Philadelphia Ending College Requirement for Police Recruits
BY ASSOCIATED PRESS | THE PHILADELPHIA TRIBUNE
The Philadelphia Police Department is moving to end a requirement that recruits have at least two years of college credits under their belt — a shift the new commissioner says is needed to alleviate hiring woes.[two_third padding=”0 30px 0 0″]Commissioner Richard Ross said he believes college is good for new hires but could be scaring off potential recruits. The department has about 6,100 sworn officers, about 400 short of its ideal number.
At the same time, Ross has pushed to raise the age requirement from 19 to 22. Both changes were approved April 20 by the city’s Civil Service Commission.
The city Administrative Board is expected to weigh in Friday, and, if approved, the changes will go into effect 30 days later. Democratic Mayor Jim Kenney, a member of the board, supports the changes and said college credits don’t necessarily indicate whether a recruit is ready for the police force.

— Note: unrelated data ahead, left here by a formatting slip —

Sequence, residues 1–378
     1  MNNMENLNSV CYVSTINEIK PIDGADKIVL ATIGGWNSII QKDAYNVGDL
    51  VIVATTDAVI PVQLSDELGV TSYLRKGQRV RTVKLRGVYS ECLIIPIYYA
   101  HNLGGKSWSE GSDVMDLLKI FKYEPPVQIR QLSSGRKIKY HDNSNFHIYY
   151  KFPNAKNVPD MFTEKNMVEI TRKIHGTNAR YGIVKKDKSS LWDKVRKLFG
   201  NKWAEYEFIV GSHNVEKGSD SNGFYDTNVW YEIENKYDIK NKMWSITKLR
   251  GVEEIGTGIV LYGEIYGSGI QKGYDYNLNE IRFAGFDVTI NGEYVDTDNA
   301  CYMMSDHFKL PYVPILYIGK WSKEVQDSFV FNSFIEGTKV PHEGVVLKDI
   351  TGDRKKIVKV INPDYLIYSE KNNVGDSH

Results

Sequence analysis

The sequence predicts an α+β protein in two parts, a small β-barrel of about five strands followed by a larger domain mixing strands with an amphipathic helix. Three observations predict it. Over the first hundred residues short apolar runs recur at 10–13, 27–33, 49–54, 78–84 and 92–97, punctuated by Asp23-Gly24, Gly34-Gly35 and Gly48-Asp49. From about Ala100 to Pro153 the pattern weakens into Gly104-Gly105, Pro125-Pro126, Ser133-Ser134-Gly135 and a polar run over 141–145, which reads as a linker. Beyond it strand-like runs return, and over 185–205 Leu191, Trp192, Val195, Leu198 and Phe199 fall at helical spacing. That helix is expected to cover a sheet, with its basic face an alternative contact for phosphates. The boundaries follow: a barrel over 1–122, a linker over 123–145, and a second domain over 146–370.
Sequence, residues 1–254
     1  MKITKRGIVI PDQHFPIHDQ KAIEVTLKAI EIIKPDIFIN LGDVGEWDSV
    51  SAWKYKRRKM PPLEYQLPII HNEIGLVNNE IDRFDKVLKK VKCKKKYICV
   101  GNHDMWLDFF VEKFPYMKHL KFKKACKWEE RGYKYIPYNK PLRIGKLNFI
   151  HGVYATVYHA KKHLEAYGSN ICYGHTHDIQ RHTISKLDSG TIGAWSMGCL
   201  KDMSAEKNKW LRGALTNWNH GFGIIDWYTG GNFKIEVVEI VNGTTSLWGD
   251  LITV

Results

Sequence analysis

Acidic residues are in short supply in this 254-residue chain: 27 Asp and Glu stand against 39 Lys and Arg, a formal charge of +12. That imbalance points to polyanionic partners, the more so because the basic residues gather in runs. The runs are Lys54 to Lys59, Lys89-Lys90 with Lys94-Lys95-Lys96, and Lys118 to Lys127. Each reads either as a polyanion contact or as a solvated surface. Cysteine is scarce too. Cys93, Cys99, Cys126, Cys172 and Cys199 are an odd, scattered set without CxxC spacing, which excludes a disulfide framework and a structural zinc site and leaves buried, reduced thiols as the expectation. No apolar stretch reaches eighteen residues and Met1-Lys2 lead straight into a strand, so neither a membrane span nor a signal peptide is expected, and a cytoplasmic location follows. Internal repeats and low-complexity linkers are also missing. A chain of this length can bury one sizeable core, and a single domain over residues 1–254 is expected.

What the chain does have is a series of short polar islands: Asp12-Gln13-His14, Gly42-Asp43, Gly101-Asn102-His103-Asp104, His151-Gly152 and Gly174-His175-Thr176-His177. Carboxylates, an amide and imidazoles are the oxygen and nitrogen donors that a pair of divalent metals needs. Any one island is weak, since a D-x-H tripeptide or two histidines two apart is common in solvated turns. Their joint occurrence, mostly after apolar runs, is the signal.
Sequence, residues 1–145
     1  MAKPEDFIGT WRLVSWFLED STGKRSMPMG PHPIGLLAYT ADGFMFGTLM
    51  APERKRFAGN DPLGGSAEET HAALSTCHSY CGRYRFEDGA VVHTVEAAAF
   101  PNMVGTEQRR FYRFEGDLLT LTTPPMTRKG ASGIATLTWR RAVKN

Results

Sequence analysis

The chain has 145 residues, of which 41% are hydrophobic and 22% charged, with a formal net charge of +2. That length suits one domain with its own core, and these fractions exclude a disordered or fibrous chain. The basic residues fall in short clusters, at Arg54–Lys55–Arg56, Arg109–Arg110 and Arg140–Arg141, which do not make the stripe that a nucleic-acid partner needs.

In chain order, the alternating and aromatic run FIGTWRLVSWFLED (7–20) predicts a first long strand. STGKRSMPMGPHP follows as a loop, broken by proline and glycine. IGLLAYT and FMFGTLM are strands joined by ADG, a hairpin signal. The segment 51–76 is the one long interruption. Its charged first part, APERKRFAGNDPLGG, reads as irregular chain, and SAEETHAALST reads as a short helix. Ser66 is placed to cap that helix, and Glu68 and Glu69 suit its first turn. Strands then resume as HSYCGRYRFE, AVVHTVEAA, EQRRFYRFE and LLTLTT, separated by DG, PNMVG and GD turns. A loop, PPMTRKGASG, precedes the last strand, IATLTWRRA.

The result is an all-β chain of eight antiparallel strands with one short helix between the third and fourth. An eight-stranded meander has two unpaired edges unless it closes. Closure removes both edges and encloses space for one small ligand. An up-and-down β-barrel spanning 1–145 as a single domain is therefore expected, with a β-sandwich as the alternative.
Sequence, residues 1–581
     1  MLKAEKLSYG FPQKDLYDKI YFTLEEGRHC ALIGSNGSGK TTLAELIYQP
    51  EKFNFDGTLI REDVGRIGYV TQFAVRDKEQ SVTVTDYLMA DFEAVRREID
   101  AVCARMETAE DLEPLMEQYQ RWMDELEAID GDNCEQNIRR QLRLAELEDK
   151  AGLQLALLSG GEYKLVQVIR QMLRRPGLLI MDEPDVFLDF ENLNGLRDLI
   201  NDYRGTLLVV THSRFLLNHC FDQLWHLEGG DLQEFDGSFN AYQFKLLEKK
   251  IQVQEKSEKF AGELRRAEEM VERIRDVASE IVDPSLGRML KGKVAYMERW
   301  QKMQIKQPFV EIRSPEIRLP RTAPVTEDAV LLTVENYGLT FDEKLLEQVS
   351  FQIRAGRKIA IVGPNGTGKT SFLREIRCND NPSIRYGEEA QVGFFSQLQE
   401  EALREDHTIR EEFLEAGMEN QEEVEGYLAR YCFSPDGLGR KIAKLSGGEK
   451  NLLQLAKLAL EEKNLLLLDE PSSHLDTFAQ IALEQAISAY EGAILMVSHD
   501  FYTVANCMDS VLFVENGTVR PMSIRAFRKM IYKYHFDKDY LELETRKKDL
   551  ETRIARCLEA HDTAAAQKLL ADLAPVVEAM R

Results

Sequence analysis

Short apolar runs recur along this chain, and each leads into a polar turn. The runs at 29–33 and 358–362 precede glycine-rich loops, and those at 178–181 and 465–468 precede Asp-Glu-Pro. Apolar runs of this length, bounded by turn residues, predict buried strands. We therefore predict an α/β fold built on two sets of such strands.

“It’s not clear that college credits are an indicator of a candidate’s preparedness to serve,” Kenney said in a statement. “At the same time, raising the age to 22 will help to ensure that our officers have had time to sufficiently mature for this very serious responsibility.”[/two_third][one_third_last padding=”0 0px 0 10px”]
PHILADELPHIA POLICE DEPARTMENT (PPD)
The Philadelphia Police Department (PPD) is the police agency responsible for law enforcement and investigations within the City of Philadelphia, Pennsylvania. The PPD is the country’s oldest municipal police agency, fourth largest police force and sixth largest non-federal law enforcement agency. Since records were first kept in 1828, at least 270 PPD officers have died in the line of duty.
The PPD employs over 6,400 sworn officers and over 800 civilian personnel, and patrols an area of 369.4 km² (142.6 mi²) with a population of almost 1.5 million. Wikipedia
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